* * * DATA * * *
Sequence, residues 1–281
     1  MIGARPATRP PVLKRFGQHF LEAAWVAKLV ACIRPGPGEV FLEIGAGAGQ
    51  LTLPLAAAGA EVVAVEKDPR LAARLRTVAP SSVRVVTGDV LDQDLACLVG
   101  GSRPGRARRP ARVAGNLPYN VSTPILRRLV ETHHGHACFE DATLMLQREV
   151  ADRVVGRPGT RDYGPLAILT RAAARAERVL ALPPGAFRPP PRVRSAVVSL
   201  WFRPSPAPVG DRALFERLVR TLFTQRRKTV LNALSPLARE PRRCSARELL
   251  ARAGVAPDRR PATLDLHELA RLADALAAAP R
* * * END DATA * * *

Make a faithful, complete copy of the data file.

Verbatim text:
Sequence, residues 1–281
     1  MIGARPATRP PVLKRFGQHF LEAAWVAKLV ACIRPGPGEV FLEIGAGAGQ
    51  LTLPLAAAGA EVVAVEKDPR LAARLRTVAP SSVRVVTGDV LDQDLACLVG
   101  GSRPGRARRP ARVAGNLPYN VSTPILRRLV ETHHGHACFE DATLMLQREV
   151  ADRVVGRPGT RDYGPLAILT RAAARAERVL ALPPGAFRPP PRVRSAVVSL
   201  WFRPSPAPVG DRALFERLVR TLFTQRRKTV LNALSPLARE PRRCSARELL
   251  ARAGVAPDRR PATLDLHELA RLADALAAAP R